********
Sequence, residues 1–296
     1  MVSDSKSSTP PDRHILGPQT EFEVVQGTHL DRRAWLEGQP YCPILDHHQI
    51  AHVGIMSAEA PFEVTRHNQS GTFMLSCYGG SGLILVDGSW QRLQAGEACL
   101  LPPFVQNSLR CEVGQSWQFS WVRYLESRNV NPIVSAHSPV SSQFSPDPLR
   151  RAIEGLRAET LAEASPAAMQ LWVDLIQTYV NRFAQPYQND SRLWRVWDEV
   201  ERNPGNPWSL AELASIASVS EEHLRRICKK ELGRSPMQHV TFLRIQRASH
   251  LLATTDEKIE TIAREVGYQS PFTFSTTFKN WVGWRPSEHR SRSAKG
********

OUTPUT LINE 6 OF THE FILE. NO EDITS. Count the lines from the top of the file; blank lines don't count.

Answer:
   201  ERNPGNPWSL AELASIASVS EEHLRRICKK ELGRSPMQHV TFLRIQRASH